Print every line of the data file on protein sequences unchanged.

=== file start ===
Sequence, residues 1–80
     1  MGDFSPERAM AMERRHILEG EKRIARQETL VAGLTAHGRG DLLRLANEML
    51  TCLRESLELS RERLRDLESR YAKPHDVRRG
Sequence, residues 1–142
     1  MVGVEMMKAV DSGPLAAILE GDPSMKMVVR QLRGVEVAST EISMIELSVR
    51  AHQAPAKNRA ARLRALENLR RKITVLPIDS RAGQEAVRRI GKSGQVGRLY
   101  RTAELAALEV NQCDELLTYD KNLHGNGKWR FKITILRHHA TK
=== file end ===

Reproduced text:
Sequence, residues 1–80
     1  MGDFSPERAM AMERRHILEG EKRIARQETL VAGLTAHGRG DLLRLANEML
    51  TCLRESLELS RERLRDLESR YAKPHDVRRG
Sequence, residues 1–142
     1  MVGVEMMKAV DSGPLAAILE GDPSMKMVVR QLRGVEVAST EISMIELSVR
    51  AHQAPAKNRA ARLRALENLR RKITVLPIDS RAGQEAVRRI GKSGQVGRLY
   101  RTAELAALEV NQCDELLTYD KNLHGNGKWR FKITILRHHA TK